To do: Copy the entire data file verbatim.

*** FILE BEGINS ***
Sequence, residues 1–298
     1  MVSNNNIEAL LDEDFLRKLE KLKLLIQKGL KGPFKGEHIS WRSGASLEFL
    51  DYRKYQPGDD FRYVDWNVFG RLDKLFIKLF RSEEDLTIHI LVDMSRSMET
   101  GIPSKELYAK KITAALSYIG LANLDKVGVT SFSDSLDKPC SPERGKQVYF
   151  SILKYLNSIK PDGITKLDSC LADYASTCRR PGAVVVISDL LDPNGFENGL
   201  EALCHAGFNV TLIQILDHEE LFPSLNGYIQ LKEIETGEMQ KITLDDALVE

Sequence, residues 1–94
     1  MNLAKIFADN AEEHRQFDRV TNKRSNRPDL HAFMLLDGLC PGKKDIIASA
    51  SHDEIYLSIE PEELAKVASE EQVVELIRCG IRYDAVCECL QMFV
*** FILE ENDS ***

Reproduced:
Sequence, residues 1–298
     1  MVSNNNIEAL LDEDFLRKLE KLKLLIQKGL KGPFKGEHIS WRSGASLEFL
    51  DYRKYQPGDD FRYVDWNVFG RLDKLFIKLF RSEEDLTIHI LVDMSRSMET
   101  GIPSKELYAK KITAALSYIG LANLDKVGVT SFSDSLDKPC SPERGKQVYF
   151  SILKYLNSIK PDGITKLDSC LADYASTCRR PGAVVVISDL LDPNGFENGL
   201  EALCHAGFNV TLIQILDHEE LFPSLNGYIQ LKEIETGEMQ KITLDDALVE

Sequence, residues 1–94
     1  MNLAKIFADN AEEHRQFDRV TNKRSNRPDL HAFMLLDGLC PGKKDIIASA
    51  SHDEIYLSIE PEELAKVASE EQVVELIRCG IRYDAVCECL QMFV